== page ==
Alex Azar: ‘One or two’ COVID-19 vaccines could be available by December

HHS secretary Alex Azar said that a COVID-19 vaccine could be available by the end of the year. Photo by John Angelillo/UPI

Oct. 22 (UPI) — Health and Human Services secretary Alex Azar said Wednesday that he expects “one or two safe and effective” COVID-19 vaccines to be available by the end of the year.

At least two of the six vaccine products — those being evaluated by drug makers Pfizer and Moderna — under development as part of the Trump administration’s “Operation Warp Speed” have produced promising results in clinical trials so far, he said.

Janssen, a subsidiary of Johnson & Johnson producing another of the vaccines currently in testing, said Oct. 12 it had to pause trials of its vaccine after a participant fell ill, according to Azar.

However, production of vaccine doses, and the vials they will be stored in, for all six products contracted under Operation Warp Speed has begun, he said.

“There is hope on the way in the form of safe and reliable vaccines in a matter of weeks or months,” Azar said during a press briefing Wednesday at the U.S. Centers for Disease Control and Prevention in Atlanta.

If or when a vaccine is approved by the U.S. Food and Drug Administration for distribution and use, enough will have been manufactured to administer to “our most vulnerable individuals” — those at highest risk for serious illness from COVID-19 — by the end of December, he said.

Supplies will be sufficient to vaccinate all seniors, front-line health workers and first responders by the end of January, and the vaccine will be available to the public by the end of March, Azar said.

Dr. Anthony Fauci, director of the National Institute of Allergy and Infectious Diseases, has endorsed roughly the same timeline in recent weeks, and other experts have also said a vaccine could be widely available by mid-2021.

All of this assumes that the candidate vaccines continue to produce positive results during clinical trials, particularly with regard to safety, Azar said.

Despite the significant progress, some infectious disease experts are not as optimistic with regard to availability — and whether people will want it.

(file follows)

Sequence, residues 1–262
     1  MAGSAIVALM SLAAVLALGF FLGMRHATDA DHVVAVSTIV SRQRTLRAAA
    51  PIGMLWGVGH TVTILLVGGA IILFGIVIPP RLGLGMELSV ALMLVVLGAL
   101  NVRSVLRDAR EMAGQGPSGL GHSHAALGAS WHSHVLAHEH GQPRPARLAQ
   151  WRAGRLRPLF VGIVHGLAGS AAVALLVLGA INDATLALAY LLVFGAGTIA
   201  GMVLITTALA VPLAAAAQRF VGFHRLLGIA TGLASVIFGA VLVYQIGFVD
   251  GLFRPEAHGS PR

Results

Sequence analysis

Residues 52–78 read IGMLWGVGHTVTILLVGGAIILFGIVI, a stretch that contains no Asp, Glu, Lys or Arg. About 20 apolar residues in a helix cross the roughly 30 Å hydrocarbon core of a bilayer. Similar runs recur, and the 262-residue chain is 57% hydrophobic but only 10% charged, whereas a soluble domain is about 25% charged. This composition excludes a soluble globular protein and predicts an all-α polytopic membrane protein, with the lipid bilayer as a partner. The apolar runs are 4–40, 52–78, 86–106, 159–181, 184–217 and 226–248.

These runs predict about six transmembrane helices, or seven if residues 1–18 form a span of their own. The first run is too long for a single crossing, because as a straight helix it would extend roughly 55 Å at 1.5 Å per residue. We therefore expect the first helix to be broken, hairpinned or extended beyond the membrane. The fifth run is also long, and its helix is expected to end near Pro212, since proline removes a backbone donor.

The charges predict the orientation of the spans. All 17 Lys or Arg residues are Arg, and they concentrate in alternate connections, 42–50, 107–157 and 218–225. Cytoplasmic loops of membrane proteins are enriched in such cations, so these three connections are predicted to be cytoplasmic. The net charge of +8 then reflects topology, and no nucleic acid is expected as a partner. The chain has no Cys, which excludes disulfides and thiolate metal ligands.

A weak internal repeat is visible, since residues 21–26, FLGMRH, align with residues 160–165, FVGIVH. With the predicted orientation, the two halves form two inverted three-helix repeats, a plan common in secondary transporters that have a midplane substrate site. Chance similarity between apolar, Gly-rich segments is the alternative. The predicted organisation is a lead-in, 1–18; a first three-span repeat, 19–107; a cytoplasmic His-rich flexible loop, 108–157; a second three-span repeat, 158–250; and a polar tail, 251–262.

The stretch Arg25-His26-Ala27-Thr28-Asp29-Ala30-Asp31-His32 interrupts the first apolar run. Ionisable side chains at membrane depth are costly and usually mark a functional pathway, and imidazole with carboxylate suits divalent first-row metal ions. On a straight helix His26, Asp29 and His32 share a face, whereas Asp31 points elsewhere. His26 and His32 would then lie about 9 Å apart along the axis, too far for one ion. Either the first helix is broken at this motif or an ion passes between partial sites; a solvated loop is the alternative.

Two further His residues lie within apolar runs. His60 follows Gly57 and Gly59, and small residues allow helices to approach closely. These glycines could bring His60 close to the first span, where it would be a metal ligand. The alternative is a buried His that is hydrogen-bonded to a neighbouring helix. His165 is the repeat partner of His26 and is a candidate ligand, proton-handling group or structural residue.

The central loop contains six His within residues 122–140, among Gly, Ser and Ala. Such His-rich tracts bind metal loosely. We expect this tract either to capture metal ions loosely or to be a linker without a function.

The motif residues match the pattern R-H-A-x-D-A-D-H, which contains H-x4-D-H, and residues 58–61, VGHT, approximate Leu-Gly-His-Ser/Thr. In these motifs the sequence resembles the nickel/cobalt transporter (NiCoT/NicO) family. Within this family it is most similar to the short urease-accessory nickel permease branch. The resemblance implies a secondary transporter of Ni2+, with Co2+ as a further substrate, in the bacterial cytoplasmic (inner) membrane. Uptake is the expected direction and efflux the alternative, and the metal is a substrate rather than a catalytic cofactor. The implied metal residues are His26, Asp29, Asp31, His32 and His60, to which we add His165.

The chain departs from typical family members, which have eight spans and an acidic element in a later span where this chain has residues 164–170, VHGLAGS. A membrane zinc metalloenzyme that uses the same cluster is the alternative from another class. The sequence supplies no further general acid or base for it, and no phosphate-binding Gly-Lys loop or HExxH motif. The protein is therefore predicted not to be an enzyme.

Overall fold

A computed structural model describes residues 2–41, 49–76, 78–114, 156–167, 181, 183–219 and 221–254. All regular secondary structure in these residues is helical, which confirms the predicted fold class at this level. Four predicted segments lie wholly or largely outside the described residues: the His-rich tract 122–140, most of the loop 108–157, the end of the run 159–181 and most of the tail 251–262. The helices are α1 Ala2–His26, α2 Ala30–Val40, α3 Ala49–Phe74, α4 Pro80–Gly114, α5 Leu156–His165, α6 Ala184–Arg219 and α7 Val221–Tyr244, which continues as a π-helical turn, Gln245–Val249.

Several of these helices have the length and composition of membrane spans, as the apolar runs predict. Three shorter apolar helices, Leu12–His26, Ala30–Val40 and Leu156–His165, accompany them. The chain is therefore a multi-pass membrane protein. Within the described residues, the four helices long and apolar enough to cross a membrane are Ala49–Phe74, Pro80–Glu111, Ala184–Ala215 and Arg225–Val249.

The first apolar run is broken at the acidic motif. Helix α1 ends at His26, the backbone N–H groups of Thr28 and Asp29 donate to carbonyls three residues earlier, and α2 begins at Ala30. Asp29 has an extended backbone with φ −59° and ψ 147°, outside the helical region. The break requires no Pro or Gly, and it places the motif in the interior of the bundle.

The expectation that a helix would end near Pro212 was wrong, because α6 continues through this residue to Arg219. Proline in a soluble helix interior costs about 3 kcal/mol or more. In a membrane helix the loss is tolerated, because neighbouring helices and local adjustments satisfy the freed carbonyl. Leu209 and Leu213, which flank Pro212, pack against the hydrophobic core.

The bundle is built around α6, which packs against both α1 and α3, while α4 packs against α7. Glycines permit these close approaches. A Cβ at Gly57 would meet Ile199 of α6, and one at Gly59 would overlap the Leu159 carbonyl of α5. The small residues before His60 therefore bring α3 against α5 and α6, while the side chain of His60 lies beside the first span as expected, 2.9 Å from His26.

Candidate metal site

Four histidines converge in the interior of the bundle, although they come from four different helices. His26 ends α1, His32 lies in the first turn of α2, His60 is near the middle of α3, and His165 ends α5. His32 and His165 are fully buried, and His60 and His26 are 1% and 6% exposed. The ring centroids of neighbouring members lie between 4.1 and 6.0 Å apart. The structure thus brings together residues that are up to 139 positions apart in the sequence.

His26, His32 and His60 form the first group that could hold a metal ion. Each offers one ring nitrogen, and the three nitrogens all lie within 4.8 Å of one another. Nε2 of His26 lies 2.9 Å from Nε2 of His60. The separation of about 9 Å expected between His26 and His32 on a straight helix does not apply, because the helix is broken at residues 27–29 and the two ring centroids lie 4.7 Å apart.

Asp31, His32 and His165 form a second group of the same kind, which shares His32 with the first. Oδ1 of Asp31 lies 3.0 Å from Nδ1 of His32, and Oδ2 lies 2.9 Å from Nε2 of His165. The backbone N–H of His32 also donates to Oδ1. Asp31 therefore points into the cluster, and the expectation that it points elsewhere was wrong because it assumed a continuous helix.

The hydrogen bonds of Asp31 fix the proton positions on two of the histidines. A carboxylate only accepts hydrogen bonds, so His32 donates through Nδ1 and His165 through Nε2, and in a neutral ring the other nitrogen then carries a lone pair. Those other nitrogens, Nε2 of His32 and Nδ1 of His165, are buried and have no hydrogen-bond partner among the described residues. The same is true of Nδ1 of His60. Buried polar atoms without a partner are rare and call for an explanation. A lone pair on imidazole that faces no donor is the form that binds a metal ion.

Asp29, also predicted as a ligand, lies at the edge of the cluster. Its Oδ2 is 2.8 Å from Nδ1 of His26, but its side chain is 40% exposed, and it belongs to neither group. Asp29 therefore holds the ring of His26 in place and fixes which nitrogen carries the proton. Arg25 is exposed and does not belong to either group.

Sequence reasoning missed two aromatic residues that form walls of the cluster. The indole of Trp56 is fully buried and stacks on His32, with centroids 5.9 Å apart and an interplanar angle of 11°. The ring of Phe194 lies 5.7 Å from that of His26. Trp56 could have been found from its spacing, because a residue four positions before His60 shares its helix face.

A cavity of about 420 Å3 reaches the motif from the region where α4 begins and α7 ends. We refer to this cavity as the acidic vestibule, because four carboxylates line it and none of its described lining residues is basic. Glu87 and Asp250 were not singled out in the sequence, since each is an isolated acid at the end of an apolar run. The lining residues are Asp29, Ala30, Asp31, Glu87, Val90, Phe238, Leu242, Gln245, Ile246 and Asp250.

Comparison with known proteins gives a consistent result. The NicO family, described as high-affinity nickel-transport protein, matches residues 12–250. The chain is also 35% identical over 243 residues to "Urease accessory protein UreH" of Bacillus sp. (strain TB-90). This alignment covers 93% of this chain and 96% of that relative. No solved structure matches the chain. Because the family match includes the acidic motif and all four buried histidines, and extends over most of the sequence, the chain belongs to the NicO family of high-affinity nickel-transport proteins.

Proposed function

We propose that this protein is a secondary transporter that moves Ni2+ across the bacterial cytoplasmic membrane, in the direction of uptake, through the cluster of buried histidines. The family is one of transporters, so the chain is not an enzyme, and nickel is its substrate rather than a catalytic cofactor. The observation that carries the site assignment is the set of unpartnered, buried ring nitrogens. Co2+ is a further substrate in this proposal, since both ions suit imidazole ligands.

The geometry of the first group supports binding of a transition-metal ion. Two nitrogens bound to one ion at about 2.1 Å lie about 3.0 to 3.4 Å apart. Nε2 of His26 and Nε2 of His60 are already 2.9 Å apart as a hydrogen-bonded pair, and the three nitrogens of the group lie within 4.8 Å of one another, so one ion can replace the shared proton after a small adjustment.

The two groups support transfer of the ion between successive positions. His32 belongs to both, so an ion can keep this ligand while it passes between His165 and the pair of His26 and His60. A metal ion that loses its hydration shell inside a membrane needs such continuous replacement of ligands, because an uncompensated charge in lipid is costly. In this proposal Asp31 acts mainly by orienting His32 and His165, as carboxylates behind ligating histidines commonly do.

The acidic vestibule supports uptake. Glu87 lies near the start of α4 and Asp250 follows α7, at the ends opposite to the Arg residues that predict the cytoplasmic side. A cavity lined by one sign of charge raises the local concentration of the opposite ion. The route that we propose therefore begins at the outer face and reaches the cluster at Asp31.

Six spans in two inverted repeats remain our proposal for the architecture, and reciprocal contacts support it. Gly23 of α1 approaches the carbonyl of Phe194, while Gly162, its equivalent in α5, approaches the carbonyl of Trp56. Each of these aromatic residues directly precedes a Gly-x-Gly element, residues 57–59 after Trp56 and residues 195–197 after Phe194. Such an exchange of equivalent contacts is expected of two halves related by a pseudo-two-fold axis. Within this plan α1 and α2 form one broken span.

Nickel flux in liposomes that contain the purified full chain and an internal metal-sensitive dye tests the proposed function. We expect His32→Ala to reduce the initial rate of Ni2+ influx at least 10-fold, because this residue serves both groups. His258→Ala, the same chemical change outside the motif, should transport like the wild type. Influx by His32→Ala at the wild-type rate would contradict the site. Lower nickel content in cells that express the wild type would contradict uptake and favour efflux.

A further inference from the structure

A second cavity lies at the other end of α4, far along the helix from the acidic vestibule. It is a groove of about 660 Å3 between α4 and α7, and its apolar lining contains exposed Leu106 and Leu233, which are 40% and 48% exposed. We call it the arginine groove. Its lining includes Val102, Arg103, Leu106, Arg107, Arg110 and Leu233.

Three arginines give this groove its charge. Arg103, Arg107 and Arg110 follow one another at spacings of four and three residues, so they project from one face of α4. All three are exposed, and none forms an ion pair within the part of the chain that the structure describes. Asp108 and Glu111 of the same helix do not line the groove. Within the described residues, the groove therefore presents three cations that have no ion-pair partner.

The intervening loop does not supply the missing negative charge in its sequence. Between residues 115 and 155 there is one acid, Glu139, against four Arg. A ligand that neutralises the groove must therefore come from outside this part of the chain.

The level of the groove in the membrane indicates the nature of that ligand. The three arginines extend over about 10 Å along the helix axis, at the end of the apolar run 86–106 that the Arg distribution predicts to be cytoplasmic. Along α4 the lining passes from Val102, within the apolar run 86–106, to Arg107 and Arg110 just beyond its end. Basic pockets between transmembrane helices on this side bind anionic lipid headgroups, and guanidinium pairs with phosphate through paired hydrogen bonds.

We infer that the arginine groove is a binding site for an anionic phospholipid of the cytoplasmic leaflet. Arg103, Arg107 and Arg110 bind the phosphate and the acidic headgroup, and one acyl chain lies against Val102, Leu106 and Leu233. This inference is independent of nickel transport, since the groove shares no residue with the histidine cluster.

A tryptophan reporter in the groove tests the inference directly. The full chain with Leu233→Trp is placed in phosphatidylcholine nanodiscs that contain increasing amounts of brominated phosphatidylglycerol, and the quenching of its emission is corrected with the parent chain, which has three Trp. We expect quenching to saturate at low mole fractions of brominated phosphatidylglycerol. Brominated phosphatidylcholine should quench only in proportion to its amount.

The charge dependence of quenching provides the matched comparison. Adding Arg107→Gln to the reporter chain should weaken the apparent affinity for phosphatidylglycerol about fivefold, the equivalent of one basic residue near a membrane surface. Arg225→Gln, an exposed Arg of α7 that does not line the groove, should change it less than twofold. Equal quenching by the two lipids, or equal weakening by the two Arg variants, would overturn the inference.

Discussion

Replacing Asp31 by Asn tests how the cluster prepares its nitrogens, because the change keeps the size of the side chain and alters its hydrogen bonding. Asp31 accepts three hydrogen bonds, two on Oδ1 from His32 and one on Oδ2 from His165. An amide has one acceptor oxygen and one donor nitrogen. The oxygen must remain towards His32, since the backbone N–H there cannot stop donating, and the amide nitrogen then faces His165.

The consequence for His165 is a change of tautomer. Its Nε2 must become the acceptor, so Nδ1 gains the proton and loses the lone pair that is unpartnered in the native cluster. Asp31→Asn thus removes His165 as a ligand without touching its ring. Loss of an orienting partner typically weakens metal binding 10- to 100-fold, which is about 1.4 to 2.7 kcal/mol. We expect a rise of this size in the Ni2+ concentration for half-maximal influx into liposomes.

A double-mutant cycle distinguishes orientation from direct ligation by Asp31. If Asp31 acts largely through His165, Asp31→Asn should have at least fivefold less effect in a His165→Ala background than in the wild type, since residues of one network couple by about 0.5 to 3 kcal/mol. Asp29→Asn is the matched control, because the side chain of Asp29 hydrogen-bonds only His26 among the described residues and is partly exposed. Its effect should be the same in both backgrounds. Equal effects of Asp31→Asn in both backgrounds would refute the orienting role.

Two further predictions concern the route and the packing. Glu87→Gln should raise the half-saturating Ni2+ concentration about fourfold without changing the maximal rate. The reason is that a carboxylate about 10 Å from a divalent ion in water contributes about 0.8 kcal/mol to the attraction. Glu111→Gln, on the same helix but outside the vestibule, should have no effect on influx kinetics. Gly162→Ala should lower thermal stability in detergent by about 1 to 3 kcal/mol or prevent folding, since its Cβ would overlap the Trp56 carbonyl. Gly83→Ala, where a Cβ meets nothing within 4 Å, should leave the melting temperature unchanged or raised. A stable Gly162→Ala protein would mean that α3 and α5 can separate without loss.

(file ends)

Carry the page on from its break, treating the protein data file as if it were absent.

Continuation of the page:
“I know we are all hoping for a COVID vaccine to become widely available before the end of the year [but] this is simply not going to happen,” Dr. David A. Nace, chief medical officer at UPMC Senior Communities, told CBS News in Pittsburgh in late September.

“Recent polls have indicated that many Americans, if not more than half, may actually decline the first generation COVID-19 vaccine, making it much more problematic in protecting the elderly and the rest of us,” he said.

In addition to the pause in the Janssen vaccine trials, officials in Brazil announced earlier Wednesday that studies of AstraZeneca’s COVID-19 product were halted there after a volunteer participant died, reportedly after being injected with a placebo, according to the Washington Post.

That trial study was suspended in England and the United States in September after a participant in England contracted an unexplained illness. The trial has restarted in England, and researchers said it may restart in the United States as soon as this week.

“Patient safety is at the center” of the vaccine development process, Azar said, adding that all products will undergo several levels of independent safety review by the FDA before distribution.

Azar’s remarks come at a time when U.S. public health officials are “seeing a distressing trend” in rising numbers of COVID-19 cases across the country, with nearly 60,000 new cases being reported nationally per day, on average, according to Dr. Jay Butler, the CDC’s deputy director for infectious diseases.

Operation Warp Speed is a public-private program, established by the Trump administration under the auspices of HHS, the CDC, the FDA and the Department of Defense to support development of COVID-19 vaccines and treatments.

The initiative has spent more than $10 billion, primarily to fund research and development at private companies, according to HHS.


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